Even if you do use multi-factor authentication (MFA) security codes, the process of sending these codes by text or email can open you up to hacking if you don’t routinely update your computer’s software. When you go to an outside source for a code, you can open yourself up for hackers to take advantage of certain vulnerabilities if any backdoors are left open.
When it comes to online security, the more you know, the better protected you will be. When coupled with safe online behaviors, these measures add an extra layer of security.
Types of Cybersecurity Threats
Phishing for your data
Phishing is a means for hackers to trick you into sharing your private information through an email plea or webpage offer. It can occur in the form of legitimate-looking emails and web pages. The successful “hook” uses a bit of social engineering in the form of content designed to lure you into taking some sort of action. Cybercriminals often send emails with heartfelt requests, exciting clickbait notices, shocking headlines, or legitimate-looking offers. If you click, you may be sent to web pages that install malicious software on your computer. To spot emails, look at the “from” address and be wary of urgent requests for money and bank transfers.
Spear phishing can look like it came directly from someone you know or even a respected company that asks for confidential information or sends you to malicious sites. Because spear phishing is so cleverly customized, traditional anti-virus protection does not help thwart these types of attacks. Email security programs help ward off attacks, but education and awareness are the best line of defense for cybersecurity.
To protect yourself from phishing and spear phishing:
- Question the legitimacy of every email to help you avoid unwittingly giving up private information. For instance, emails that look like they come from your bank or credit card company that ask for personal information or send you to sites requesting personal information can be verified by calling the number on your statement or the back of your bank card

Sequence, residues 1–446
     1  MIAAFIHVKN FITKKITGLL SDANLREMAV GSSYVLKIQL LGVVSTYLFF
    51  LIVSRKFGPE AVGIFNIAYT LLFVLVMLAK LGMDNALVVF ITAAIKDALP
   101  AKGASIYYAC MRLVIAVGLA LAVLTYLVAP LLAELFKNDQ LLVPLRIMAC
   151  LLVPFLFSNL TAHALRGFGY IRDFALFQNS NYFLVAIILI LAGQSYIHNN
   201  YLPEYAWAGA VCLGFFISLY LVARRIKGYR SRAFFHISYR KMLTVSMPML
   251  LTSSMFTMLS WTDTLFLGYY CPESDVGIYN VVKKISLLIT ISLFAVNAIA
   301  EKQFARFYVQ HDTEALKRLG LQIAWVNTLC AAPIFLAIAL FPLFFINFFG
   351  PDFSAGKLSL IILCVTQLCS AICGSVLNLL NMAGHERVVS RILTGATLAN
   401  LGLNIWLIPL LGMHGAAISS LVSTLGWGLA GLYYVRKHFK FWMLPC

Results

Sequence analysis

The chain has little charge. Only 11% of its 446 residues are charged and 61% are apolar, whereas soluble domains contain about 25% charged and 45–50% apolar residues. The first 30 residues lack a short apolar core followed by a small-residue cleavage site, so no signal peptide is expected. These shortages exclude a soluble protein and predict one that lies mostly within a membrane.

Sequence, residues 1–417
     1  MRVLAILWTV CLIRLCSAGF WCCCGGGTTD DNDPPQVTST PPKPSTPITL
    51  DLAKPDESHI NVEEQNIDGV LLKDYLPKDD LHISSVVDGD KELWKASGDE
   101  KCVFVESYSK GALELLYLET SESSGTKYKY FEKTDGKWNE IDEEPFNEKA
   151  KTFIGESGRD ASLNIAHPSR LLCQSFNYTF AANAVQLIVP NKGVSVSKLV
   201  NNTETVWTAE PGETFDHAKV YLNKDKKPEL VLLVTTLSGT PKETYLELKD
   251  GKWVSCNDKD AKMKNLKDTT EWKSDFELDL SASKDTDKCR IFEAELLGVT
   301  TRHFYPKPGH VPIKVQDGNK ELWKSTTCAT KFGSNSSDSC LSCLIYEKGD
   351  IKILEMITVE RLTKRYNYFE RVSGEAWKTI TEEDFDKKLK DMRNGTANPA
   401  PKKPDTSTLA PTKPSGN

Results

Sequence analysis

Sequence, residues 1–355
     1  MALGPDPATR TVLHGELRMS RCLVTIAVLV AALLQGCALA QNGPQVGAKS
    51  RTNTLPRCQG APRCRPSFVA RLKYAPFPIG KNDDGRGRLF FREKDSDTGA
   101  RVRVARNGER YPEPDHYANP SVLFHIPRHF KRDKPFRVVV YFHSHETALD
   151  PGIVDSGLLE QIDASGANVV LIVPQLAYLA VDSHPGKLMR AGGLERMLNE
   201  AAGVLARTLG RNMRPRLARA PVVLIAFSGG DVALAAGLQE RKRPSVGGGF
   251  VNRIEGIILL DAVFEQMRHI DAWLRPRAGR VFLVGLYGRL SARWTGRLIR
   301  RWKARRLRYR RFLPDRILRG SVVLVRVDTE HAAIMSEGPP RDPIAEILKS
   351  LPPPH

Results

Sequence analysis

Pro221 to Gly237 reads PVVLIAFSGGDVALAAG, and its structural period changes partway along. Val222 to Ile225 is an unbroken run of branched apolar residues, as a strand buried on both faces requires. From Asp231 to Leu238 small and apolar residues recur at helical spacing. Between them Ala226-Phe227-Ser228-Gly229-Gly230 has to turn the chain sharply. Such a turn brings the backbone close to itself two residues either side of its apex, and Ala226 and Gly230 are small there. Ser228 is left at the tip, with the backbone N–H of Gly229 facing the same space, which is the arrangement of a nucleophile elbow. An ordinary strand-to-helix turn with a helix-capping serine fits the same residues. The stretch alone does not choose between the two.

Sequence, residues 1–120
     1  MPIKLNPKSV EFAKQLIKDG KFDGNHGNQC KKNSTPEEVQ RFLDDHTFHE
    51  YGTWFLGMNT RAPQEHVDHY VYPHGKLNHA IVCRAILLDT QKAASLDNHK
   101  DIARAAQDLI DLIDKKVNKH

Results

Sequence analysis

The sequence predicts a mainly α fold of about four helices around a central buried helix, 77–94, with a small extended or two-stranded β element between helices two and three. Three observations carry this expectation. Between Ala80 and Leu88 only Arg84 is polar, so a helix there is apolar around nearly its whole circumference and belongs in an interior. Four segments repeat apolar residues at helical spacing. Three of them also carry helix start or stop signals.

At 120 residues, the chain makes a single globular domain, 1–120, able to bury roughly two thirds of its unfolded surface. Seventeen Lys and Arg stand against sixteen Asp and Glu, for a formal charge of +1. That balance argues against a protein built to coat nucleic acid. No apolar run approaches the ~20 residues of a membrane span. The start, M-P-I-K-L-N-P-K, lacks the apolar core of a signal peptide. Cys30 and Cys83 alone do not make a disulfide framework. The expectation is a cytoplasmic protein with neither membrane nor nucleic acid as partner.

- If you receive an urgent email from a friend or co-worker that asks for money or a bank transfer or an email that seems out of place, call them to verify if they sent it
- For charitable donations, you can make those directly on the company’s website, instead of through an email request
Pharming not farming
This is the practice of sending users to legitimate-looking websites that mine personal data like login credentials, social security numbers, and account numbers. This can occur when you inadvertently click a link that installs a virus on your computer that changes the addresses of sites you wish to visit.
To protect yourself from pharming:
- Install anti-virus and anti-malware software and keep it updated
- Use smart computer practices such as not clicking on websites or emails that look suspicious
- Watch for addresses in the address bar that don’t look right
- Be wary of sites that ask for personal information that normally don’t
- Get in the practice of looking for a lock on the address bar that indicates the website has special security encryption before you share information on the page
- Click on the security lock in the address bar to make sure the website has an up-to-date, trusted certificate
Spam a lot
Reducing the amount of spam and junk emails that you receive will help you sort through emails faster. To help keep you from creating more spam, never respond to it. Think twice before unsubscribing or replying to messages. Asking to be removed shows spammers your email is active and will likely result in you receiving more spam. If the email is from someone you do not know, or a company you have not done business with, clicking any links in the email might download a virus or code that opens a backdoor to your computer.